Michelle Nicoll Gutierrez has traveled frequently from her home in Mexico to visit her aging mother and stepfather in Maryland, never overstaying her tourist visa and always returning home to her husband and their travel agency and rental-property business.
In a statement, agents said they determined Nicoll Gutierrez, who was traveling with her U.S.-born toddler, was an “intending immigrant” — a term used to describe visitors likely to overstay their visas and try to remain in the United States illegally. They also cited her use of legally available government health benefits in 2016, when she visited Maryland while pregnant and experienced complications, as one reason for her exclusion.
“I’m not the kind of person to steal or take advantage,” Nicoll Gutierrez, 42, said in a phone interview from Michoacán, Mexico. “I’ve always been law-abiding, and it was never my intent to stay. I don’t want to be labeled a violator.”
It is not uncommon for foreign visitors to be turned away by border officials if those officers believe they plan to stay. But tougher enforcement and proposals for broader and more restrictive measures for legal immigration are heightening the barriers for noncitizens, immigration lawyers say, particularly those from specific countries and including those who have followed all the rules.
Separate from the “intending immigrant” issue, Nicoll Gutierrez’s case appears to reflect a Trump administration proposal to disqualify people seeking legal residency or a temporary visa if they or any member of their household, including U.S.-born children, have received Medicaid or other noncash public benefits.
Nicoll Gutierrez, whose story was first reported in The Houston Chronicle last week, “was found to have used government assistance during a previous stay to pay for the expenses associated with having a child in the U.S.,” Customs and Border Patrol said in a statement. “She was found to be an intended immigrant and returned to Mexico on the next available flight.”
The American Immigration Lawyers Association says it has seen a spike since April in visaapplication denials citing public-charge grounds at the U.S. Consulate in Juarez, Mexico. That follows a change early this year in the State Department foreign affairs manual, instructing consular officers to consider a wide range of personal attributes and use of public benefits when deciding whether to issue visas.
“It’s a big deal. What’s being proposed basically turns things on its head regarding what constitutes being inadmissible,” said Kathleen Walker, an immigration lawyer in El Paso “Do we want to send a message discouraging families from seeking medical attention, from feeding their children or seeking immunizations because it might affect legal status? Is that how low we’ve gone?”
Nicoll Gutierrez obtained a 10-year tourist visa in 2010 and used it multiple times to visit her family in Derwood, Md., just north of Rockville.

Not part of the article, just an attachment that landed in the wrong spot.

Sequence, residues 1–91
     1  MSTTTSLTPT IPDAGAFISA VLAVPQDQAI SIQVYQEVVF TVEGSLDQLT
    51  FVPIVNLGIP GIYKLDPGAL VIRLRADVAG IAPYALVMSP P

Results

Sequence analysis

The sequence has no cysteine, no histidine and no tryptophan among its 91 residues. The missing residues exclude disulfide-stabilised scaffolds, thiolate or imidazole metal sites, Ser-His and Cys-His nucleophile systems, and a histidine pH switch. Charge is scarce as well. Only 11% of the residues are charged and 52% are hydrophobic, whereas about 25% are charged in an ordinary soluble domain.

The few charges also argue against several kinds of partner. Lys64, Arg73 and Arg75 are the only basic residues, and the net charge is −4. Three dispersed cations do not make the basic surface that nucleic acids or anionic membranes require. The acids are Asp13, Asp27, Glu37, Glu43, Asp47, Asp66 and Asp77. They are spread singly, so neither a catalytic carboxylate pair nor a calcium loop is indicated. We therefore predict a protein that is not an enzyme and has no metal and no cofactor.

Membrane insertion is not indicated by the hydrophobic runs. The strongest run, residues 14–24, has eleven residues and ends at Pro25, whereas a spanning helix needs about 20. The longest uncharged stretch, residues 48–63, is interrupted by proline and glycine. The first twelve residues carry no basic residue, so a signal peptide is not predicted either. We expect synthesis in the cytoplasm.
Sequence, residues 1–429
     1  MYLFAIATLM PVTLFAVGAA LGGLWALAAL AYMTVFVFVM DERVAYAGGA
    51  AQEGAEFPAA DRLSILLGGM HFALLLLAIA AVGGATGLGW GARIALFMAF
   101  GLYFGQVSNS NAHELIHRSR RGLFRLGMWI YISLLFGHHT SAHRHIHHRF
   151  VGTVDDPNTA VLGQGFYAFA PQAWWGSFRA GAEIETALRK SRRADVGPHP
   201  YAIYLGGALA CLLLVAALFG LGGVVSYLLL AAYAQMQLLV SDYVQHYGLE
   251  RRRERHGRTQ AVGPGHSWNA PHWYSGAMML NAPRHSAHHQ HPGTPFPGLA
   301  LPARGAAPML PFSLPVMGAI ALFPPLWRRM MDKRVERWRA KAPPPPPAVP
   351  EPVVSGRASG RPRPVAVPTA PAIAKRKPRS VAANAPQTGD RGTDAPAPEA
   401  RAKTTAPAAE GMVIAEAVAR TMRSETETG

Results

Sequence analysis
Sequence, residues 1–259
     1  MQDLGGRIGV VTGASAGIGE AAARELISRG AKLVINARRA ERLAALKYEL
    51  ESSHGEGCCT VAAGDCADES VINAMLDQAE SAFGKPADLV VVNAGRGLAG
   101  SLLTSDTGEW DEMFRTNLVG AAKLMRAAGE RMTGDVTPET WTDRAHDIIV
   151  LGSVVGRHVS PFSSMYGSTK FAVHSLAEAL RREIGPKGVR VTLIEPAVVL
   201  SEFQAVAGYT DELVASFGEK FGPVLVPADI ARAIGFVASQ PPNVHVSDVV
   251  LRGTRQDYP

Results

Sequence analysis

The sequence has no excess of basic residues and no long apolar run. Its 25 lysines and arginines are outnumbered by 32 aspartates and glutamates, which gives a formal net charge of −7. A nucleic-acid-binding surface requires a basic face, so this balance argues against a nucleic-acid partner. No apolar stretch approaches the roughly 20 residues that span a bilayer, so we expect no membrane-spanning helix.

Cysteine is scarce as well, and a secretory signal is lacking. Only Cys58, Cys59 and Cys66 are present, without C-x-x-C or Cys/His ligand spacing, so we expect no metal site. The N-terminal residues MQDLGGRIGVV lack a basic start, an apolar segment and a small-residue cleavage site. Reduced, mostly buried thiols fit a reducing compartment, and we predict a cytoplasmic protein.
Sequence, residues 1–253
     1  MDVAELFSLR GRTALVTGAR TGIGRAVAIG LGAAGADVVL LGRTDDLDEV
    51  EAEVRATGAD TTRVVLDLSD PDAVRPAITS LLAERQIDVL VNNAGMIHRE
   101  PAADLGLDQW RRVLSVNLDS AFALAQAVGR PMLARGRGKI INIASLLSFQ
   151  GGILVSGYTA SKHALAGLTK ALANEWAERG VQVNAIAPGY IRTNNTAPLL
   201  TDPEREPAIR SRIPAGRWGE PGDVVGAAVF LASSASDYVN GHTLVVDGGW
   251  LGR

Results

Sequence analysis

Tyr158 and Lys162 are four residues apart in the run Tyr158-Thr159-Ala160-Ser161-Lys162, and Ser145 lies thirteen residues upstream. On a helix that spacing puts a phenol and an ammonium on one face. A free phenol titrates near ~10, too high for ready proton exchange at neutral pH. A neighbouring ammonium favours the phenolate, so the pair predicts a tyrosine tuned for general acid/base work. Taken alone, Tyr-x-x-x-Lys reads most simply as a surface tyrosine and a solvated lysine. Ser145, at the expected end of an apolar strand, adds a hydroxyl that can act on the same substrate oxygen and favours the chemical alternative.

Her mother, Laura Atchley, became an American citizen after marrying John Atchley, a retired Foreign Service officer, in 2008.
The couple thought about sponsoring Nicoll Gutierrez for legal residency a few years ago but decided against it when lawyers told them the wait time for processing applications for Mexican nationals is more than 20 years.
“We’ll be dead by then,” John Atchley said.
Nicoll Gutierrez was about five months pregnant when she visited in fall 2016. She planned to return home within a month.
But she became ill and was diagnosed with pre-gestational diabetes, requiring expensive treatment. Doctors said she should not travel.
Nicoll Gutierrez and her mother say they were planning to use savings to pay out-of-pocket for the medical care. But an immigrant group directed them to Maryland Health Connection, the state’s health insurance marketplace, where they learned from a navigator that with her valid tourist visa, Nicoll Gutierrez was eligible for Medicaid and CHIP, the Children’s Health Insurance Program.
Her son was born in D.C. that December, making him an American citizen. They returned home before the end of the six months her visa allows her to stay.
Maryland officials said they cannot discuss individual cases because of privacy laws. But they confirmed Nicoll Gutierrez’s visa category would qualify her for coverage in accordance with the eligibility standards set by Medicaid regulation and the Affordable Care Act.
When Nicoll Gutierrez tried to reenter the United States with her son on Aug. 4, agents peppered her with questions about her income, husband and record.
Transcripts of the interrogation, provided to The Washington Post by John Atchley, showed agents focused heavily on the details of the 2016 visit and her use of government health insurance. Agents then revoked her visa.
“I was shocked,” Nicoll Gutierrez said. “I’ve made multiple trips, and it was never my intention to stay. My life is in Mexico, but my family is in Maryland. I don’t understand why this happened.”
Her mother, who had traveled with them from Mexico, waited for hours while Nicoll Gutierrez was questioned, missing the flight that was supposed to take them all to Reagan National Airport. After receiving a text message from her daughter, she found a CBP supervisor’s office inside the airport where she could learn what was happening.
The next morning, the two women embraced at the airport before boarding separate flights to their respective homes.
“They tear your life into pieces, and your freedom to visit your family, all based on a belief. An incorrect belief,” Laura Atchley said. She noted that a lot can happen in five years, the amount of time Nicoll Guiterrez is prohibited from visiting. And in Mexico, it’s extremely difficult to obtain a new tourist visa.